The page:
Detailed in this response is an overall support for a Strategy which focusses on increasing women’s workforce participation, however, NFAW remains concerned that this there are some key opportunities to strengthen women’s workforce participation that are missing.
Firstly, there’s a trend in Government approaches to gender equality seen in the Women’s Budget Statement recently and reflected here, where a strategy is a series of initiatives as opposed to an overarching, comprehensive plan with watertight targets.
Regarding the initiatives, NFAW notes that paid parental leave (PPL) and low-income super contributions are highlighted, however, both schemes have been subject to recent attempted scale backs. Critically, both initiatives could be strengthened and NFAW recommends that superannuation be paid on PPL and the minimum income requirement on superannuation be removed.
NFAW also highlights the lack of attention on effective marginal tax rates (EMTRs). Given that EMTRs fall within tax and transfer policy, this is an area that should be a focus for the Federal Government. On that note, NFAW critiques the ongoing and undue focus of the Government on eroding income support payments and provisions. The focus on the aged care and health sectors as a panacea for women’s workforce participation is also queried with NFAW making the case that a focus on these sectors necessitates a focus on value (pay and conditions) placed on this work. This raises a question about how such strategies should work to increase women’s participation in the paid workforce without exploiting or reinforcing gender-based occupational segregation.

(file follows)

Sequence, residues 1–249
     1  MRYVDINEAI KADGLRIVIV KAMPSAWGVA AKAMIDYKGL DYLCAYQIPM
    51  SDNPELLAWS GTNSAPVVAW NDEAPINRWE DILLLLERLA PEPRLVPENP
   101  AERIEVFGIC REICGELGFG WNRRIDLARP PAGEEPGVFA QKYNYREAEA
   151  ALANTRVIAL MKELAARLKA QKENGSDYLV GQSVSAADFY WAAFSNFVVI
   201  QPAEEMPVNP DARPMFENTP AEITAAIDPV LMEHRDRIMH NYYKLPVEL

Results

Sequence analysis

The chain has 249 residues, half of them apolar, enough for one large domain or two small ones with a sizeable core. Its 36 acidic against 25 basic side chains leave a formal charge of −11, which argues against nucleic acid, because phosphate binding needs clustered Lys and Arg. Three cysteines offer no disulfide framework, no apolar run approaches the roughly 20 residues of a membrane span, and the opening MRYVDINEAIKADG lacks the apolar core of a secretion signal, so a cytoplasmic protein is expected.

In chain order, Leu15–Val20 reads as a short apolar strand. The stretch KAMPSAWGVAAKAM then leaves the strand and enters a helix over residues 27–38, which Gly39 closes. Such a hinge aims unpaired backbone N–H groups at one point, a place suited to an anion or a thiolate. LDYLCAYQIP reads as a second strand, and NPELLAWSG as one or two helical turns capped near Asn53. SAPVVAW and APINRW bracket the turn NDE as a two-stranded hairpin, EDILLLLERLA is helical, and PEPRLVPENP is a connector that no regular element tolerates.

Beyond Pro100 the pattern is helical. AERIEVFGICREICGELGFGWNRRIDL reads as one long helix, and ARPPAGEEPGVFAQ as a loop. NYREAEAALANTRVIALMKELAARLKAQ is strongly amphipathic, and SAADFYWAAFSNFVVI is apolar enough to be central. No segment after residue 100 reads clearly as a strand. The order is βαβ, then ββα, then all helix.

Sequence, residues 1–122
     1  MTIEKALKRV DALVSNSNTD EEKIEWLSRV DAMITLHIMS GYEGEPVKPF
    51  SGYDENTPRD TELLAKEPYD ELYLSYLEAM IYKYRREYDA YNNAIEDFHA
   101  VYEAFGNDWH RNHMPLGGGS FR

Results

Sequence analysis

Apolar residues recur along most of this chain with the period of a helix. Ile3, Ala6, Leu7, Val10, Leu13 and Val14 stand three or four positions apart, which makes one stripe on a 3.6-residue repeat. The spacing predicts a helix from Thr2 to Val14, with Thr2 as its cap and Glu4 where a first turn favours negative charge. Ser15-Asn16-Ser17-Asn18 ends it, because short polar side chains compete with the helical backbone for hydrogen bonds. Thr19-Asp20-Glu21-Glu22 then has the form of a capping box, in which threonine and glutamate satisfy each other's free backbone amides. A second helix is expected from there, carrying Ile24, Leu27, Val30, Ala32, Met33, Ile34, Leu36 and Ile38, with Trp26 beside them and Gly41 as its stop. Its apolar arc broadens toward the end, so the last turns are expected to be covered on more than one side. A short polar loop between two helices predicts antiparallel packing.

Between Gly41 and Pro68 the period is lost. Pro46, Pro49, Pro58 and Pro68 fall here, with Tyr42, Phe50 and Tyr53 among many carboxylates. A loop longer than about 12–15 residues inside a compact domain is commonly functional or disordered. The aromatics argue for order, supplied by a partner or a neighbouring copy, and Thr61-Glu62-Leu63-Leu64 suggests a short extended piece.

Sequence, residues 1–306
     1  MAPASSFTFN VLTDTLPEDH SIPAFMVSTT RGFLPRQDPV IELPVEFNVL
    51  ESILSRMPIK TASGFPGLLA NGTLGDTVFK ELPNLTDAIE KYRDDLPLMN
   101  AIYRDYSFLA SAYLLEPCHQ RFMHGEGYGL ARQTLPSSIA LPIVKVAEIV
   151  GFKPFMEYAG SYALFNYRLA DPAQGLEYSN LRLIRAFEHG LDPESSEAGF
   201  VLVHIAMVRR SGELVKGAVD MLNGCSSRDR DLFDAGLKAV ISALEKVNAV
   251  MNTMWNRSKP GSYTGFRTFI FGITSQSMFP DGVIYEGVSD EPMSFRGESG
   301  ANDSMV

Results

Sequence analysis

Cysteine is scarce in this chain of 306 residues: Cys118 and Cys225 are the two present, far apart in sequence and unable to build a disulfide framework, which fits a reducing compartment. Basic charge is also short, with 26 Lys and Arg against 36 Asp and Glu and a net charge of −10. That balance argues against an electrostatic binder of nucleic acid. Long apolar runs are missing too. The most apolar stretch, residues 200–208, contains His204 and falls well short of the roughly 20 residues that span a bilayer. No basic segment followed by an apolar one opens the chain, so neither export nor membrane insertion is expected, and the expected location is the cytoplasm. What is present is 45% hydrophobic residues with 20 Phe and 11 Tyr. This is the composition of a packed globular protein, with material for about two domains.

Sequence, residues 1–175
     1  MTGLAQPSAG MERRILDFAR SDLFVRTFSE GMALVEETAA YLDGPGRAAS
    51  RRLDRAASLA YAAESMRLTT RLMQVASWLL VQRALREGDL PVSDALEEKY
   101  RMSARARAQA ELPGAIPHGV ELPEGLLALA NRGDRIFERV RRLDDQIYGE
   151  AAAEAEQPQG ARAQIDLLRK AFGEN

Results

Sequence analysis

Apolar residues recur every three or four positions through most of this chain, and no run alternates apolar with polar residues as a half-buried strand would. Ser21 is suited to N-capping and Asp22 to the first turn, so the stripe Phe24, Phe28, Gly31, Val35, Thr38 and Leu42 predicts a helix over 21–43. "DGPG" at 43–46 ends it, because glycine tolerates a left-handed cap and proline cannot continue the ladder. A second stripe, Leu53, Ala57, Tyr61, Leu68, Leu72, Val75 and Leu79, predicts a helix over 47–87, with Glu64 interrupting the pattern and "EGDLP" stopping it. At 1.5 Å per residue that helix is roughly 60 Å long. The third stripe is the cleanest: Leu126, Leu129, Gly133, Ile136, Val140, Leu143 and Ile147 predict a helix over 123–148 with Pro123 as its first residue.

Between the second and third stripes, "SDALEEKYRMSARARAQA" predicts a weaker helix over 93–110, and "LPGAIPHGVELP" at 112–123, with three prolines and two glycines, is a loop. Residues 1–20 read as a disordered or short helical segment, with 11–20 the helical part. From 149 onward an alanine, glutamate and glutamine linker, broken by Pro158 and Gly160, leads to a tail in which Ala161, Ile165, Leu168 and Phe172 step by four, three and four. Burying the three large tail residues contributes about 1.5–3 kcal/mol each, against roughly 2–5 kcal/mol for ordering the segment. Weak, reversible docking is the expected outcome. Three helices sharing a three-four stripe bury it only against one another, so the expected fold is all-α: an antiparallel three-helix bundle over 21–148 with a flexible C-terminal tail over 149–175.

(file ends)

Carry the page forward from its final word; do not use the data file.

NFAW also makes recommendations on how the Government can better lead by example by allowing casual conversion and family violence leave within APS agencies.
Importantly the strategy highlights the importance of WGEA data (providing security for WGEA’s short-term security), however, other datasets such as time-use data are not considered in details, concerning given there has been comprehensive time use data collection since 2006 in Australia.
You can read NFAW’s respnse in full here.